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Morphine Suppresses Lung Cancer Cell Proliferation Through the Interaction with Opioid Growth Factor Receptor: An In Vitro and Human Lung Tissue Study

Kim, Ji Yeon MD, PhD; Ahn, Hyun Joo MD, PhD; Kim, Jin Kyoung MD, PhD; Kim, Jhingook MD, PhD; Lee, Sang Hyun MD; Chae, Hyun Byung MD

doi: 10.1213/ANE.0000000000001293
Preclinical Pharmacology: Original Laboratory Research Report

BACKGROUND: There have been inconsistent reports on whether opioids promote or inhibit lung cancer growth. In this study, we suggest that opioid growth factor receptor (OGFR), a negative regulator of cell proliferation, is a binding site of morphine and is involved in subsequent morphine-induced lung cancer growth suppression.

METHODS: The expression and distribution of OGFR in human lung cancer tissues and cell lines were assessed with immunohistochemistry and real-time reverse transcription polymerase chain reaction. The human lung cancer cell line, H1975 (adenocarcinoma), which overexpressed OGFR but not μ-opioid receptors, was selected for further analysis to verify the interaction between morphine and OGFR and the impact of morphine on cancer cell growth.

RESULTS: OGFR was expressed in lung cancer tissues and all cancer cell lines tested. Adenocarcinoma showed a higher OGFR expression than squamous cell carcinoma (reverse transcription polymerase chain reaction relative quantitation value: median [interquartile range], 13.1 [9.3–20.0] vs 4.3 [2.2–6.6]; P = 0.003). OGFR expression showed an inverse correlation with cell proliferation (r = −0.92, P = 0.0001). Morphine treatment reduced the median H1975 cell number by approximately 23% (P = 0.03). Growth suppression by morphine was attenuated when OGFR was knocked down. A confocal experiment demonstrated binding of morphine to OGFR. Growth suppression by morphine occurred in the S phase of the cell cycle.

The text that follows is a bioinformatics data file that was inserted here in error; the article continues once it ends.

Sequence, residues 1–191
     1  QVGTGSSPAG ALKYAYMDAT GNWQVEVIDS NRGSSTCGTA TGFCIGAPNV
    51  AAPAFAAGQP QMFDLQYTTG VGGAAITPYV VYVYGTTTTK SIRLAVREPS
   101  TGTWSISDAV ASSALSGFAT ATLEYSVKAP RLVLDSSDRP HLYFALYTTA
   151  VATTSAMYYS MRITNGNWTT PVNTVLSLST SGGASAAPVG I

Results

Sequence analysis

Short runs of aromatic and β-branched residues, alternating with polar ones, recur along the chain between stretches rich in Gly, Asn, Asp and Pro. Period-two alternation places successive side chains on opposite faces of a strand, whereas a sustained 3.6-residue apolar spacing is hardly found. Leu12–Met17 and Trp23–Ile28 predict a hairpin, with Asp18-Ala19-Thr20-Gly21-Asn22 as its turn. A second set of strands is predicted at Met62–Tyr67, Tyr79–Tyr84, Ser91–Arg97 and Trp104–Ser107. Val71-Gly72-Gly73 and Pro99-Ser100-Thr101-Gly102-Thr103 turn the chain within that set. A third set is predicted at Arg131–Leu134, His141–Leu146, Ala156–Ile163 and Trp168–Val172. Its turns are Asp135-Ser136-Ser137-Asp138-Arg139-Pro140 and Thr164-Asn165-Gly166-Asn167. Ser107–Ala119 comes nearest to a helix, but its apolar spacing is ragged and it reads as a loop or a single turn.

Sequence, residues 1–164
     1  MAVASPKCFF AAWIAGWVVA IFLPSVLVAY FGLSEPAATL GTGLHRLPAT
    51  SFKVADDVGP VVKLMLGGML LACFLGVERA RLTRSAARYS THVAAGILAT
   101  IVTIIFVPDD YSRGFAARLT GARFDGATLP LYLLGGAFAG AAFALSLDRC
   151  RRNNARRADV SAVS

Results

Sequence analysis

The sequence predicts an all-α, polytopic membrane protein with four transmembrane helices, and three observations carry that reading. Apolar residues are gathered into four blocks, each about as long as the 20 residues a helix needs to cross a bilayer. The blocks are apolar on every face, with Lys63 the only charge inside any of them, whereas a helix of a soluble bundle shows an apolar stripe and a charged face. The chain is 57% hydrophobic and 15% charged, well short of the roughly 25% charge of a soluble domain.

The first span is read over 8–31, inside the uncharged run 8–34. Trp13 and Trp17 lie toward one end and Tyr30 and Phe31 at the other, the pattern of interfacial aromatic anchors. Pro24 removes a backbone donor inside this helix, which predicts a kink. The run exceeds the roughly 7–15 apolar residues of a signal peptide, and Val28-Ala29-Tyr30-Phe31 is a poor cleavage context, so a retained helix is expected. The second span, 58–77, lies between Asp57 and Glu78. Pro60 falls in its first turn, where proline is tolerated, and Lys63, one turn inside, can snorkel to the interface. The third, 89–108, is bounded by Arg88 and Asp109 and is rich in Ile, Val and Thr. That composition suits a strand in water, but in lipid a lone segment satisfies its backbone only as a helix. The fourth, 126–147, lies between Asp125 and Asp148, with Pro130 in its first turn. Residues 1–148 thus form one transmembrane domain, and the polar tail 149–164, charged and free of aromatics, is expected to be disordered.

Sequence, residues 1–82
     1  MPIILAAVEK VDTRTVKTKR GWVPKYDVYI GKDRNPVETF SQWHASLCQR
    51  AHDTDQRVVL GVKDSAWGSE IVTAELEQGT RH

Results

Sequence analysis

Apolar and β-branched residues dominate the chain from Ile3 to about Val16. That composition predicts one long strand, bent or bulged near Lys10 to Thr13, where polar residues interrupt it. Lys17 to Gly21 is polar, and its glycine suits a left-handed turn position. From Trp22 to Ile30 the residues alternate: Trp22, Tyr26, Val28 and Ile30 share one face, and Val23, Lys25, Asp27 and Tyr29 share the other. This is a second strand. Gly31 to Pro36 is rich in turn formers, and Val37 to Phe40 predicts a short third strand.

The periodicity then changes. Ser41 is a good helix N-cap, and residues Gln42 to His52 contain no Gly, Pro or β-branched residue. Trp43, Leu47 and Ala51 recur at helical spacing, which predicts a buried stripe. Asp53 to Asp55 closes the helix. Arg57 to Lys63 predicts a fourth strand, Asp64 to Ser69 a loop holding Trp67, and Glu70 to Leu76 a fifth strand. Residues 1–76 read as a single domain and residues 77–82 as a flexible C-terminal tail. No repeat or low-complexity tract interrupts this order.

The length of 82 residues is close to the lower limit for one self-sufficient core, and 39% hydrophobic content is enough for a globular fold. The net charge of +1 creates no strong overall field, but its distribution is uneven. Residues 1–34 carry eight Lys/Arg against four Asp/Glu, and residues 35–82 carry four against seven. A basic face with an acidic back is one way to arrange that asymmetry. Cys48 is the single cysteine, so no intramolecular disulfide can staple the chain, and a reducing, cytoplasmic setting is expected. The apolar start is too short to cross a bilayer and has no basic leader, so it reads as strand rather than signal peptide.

CONCLUSIONS: Lung cancer tissues and cell lines express OGFR. Morphine interacts with OGFR and may suppress lung cancer progression.

Published ahead of print May 10, 2016.

From the *Department of Anesthesiology and Pain Medicine, Samsung Medical Center, Sungkyunkwan University School of Medicine, Seoul, South Korea; and Department of Thoracic and Cardiovascular surgery, Samsung Medical Center, Sungkyunkwan University School of Medicine, Seoul, South Korea.

Published ahead of print May 10, 2016.

Accepted for publication January 28, 2016.

Funding: This project was supported by Basic Science Research Program through the National Research Foundation of Korea (NRF) funded by the Ministry of Education, Science and Technology award number 2011-0013087. The funders had no role in study design, data collection and analysis, decision to publish, or preparation of the manuscript.

The authors declare no conflicts of interest.

Reprints will not be available from the authors.

Address correspondence to Hyun Joo Ahn, MD, PhD, Department of Anesthesiology and Pain Medicine, Samsung Medical Center, Sungkyunkwan University School of Medicine, 50, Ilwon-Dong, Kangnam-Gu, Seoul, Korea, 135–710. Address e-mail to hyunjooahn@skku.edu.

© 2016 International Anesthesia Research Society